So why engage in the first place? Better to distract, and let the conversation turn to other—more mutually beneficial—topics. A suggestion: People LOVE to talk about themselves. Especially a topic they brought up in the first place. Turn it to a question for them, and let them ramble on regarding the topic.

    Stranger: Where do you go to Church?
    Kotales: We are in the process of…what types of Churches are your favorite?

    Then keep asking THEM questions. They will think you a wonderful conversationalist (because you actually listen) and you don’t have to commit to anything.

    Stranger: Are you a Christian?
    Kotales: [sigh] That word hardly has any meaning anymore, in this day-and-age. What do you think “being a Christian” means?

    I am a master at turning conversations.

    If they get really pushy, tell them (without committing to any position) you have been reading some really interesting books recently and slowly work the conversation over to your new favorite podcast—“Serial.” You ARE listening to Serial, right? With the rest of America.

    1. Hi Dagood,

      Do you ever actively try to persuade theists to deconvert? If so, how do you do it?

      Maybe its just because I am new to finding the Truth (that religion is mostly superstitious nonsense and is often harmful to nonbelievers and society at large) and partly because I enjoy a good debate, but I feel that maybe if more of us would confront theists, we would speed up the decline of superstitious religious domination of our culture. We don't have to be asses about it, but we can speak out.

      If we all just sit on our own websites and chat among ourselves, the "Good News" is not going to get out. How often does a theist actively search for opposing views to his "inerrant" belief system?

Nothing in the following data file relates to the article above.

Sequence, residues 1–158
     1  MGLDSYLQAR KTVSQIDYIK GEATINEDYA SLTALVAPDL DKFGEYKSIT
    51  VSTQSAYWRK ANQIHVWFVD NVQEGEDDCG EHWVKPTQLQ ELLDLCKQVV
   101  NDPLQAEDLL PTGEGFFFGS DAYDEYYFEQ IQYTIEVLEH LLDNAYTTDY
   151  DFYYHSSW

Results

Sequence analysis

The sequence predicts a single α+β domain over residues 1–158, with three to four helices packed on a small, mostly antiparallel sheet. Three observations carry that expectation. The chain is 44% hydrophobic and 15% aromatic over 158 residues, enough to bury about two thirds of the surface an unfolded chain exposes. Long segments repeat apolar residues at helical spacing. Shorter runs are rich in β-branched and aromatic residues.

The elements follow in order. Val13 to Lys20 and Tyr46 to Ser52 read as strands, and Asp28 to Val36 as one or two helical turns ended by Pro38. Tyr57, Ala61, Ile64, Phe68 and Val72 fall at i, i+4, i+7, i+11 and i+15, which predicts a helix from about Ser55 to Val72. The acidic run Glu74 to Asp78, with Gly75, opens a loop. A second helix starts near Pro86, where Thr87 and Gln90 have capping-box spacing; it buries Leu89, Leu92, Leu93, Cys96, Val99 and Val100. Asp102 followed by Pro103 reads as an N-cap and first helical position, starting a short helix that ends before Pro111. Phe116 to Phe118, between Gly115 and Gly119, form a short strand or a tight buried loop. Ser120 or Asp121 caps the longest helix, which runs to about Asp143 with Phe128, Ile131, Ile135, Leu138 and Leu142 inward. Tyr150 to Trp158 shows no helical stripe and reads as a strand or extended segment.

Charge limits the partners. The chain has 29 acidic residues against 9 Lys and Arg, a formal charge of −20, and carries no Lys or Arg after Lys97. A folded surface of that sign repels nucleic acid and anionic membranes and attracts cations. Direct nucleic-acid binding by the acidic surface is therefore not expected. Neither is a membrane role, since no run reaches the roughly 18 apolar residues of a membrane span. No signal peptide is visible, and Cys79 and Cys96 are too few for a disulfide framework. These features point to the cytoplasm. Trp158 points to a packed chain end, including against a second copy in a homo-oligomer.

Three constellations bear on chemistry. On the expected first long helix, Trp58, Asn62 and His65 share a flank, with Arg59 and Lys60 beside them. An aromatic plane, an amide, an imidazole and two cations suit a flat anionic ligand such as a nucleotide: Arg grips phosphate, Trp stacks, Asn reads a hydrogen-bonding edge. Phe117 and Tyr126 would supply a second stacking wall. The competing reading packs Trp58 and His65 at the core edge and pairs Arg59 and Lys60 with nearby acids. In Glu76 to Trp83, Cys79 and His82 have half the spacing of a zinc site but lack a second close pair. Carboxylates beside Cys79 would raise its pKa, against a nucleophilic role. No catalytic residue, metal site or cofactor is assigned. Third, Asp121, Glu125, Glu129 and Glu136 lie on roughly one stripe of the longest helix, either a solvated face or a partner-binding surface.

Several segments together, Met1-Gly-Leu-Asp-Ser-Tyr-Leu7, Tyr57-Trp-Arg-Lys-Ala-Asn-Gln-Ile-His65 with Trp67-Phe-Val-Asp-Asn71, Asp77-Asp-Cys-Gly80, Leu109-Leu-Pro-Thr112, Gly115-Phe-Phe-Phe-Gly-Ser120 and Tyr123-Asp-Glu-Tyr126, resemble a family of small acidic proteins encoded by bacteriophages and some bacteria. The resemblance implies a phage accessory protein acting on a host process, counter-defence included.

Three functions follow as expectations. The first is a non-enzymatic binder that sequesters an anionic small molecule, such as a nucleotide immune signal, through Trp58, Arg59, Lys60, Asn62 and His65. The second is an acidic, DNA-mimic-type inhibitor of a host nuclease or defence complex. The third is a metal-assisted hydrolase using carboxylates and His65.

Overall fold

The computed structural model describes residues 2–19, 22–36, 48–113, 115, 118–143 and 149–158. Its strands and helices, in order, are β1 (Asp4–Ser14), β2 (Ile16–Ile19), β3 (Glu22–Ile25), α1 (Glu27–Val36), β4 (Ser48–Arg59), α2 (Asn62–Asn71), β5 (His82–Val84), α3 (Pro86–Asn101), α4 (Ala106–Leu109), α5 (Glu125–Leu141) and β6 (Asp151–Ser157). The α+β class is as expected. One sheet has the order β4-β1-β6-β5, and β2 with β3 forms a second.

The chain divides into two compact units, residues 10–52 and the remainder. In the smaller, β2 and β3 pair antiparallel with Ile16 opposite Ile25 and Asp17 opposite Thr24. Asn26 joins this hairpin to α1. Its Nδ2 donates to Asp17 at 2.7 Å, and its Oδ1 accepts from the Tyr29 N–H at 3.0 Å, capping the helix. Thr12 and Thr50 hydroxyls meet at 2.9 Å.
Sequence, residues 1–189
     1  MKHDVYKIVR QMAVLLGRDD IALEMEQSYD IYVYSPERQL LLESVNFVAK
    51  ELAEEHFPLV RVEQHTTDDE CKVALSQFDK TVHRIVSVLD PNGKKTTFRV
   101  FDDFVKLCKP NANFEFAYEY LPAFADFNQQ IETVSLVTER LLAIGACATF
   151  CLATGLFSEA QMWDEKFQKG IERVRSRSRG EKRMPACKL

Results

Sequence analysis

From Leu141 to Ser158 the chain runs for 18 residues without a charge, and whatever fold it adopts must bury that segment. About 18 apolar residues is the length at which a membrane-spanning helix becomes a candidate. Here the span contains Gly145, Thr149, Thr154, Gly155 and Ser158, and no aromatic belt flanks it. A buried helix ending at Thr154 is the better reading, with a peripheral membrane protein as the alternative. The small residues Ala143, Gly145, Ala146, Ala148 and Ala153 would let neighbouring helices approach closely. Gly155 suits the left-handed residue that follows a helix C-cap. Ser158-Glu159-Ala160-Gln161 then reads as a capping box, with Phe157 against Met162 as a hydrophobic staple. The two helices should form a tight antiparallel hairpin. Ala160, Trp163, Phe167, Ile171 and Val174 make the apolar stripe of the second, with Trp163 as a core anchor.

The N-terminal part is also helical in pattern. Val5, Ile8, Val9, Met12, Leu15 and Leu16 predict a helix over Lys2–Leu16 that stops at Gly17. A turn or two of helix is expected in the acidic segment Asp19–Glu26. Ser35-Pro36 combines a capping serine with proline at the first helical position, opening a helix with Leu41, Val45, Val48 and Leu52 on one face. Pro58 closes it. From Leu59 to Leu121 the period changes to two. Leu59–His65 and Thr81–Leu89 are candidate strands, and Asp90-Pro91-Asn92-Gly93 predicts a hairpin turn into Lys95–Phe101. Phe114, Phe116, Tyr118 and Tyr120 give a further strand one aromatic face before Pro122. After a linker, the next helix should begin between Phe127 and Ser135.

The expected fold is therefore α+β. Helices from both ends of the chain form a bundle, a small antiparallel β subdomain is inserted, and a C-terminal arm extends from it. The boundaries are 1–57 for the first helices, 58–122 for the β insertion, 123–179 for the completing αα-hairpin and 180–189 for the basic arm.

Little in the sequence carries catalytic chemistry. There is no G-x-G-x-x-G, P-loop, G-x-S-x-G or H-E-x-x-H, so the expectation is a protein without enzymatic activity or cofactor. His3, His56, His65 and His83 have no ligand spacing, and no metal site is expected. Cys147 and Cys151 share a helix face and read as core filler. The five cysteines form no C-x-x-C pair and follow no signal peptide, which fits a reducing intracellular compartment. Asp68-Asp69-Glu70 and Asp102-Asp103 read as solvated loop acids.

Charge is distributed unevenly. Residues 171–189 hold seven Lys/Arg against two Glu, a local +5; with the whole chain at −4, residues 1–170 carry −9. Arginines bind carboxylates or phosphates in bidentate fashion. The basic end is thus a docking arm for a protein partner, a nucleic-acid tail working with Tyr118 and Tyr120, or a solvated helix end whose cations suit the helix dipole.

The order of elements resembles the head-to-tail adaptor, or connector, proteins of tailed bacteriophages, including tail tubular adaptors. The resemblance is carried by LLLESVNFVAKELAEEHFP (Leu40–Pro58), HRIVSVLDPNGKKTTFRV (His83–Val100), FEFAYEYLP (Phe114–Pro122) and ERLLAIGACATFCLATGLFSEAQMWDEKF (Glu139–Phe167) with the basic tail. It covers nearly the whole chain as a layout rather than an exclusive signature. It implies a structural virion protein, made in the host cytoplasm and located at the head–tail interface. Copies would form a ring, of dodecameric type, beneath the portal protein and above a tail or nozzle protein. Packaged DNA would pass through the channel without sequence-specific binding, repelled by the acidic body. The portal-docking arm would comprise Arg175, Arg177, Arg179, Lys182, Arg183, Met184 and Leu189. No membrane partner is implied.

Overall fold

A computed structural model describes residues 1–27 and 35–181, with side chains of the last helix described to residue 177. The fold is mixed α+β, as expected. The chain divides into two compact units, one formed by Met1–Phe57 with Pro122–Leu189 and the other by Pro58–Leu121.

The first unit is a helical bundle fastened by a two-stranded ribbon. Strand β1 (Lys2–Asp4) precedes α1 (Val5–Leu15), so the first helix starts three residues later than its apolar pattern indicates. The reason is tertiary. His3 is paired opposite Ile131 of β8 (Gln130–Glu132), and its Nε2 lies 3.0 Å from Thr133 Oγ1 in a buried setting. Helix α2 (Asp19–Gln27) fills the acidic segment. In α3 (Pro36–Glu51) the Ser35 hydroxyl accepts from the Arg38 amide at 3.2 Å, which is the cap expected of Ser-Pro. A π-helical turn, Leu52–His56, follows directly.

What do you and your readers think?

  15. Gary,

    When I deconverted, I was ecstatic to share my new-found information with those about me. I tried to share it with my family. They didn’t want to hear it. Tried to share it with long-time Christian friends. They ran away. Tried to share it at “Skeptic’s Night” and with pastors, and with…well… you name it. I was politely told to go away.

    Humans desire comfort. We turn up the heat when we are cold; we eat when we are hungry. Having one’s personal beliefs confronted in an aggressive manner is not comfortable. No wonder they wanted nothing to do with me. Who can blame them?

    After hanging out with the infidels, I found on-line debate to be boring when there are 20 non-believers to every believer. So I sought out (Long since gone.) And off to the debate. But soon I tired from that, as well. It was the same thing over and over and over. Same arguments on both sides. Looked for something fresh.

    Wandered to another forum called XnForums. Ah…the memories were good there. Met my longest on-line friend, secularwings. (Although she will always, ALWAYS be the moniker from XnForums in my mind. Always.)

    Posted on debunkingchristianity for a bit. I have fought, scraped and posted on many Christian forums, blogs and articles.

    But now, I am done. A few posts once and awhile. Can’t help but rile up Frank Turek, given the chance. You are more than welcome to take up the challenge to talk to Christians. I encourage you to do so. I have been involved or facilitated a few deconversions…let the others take up the challenge.

    I find other things far more interesting.

    1. I was told by another more "seasoned" ex-Christian that it will take me eight years to get this desire to "evangelize for Truth" out of my system. My wife hopes it is a lot sooner! She isn't really religious but she gets tired of my "Wow, Honey. Look at this fact that proves Christianity false." She doesn't want me to return to my former religiosity, but she is tired of hearing my new found belief system.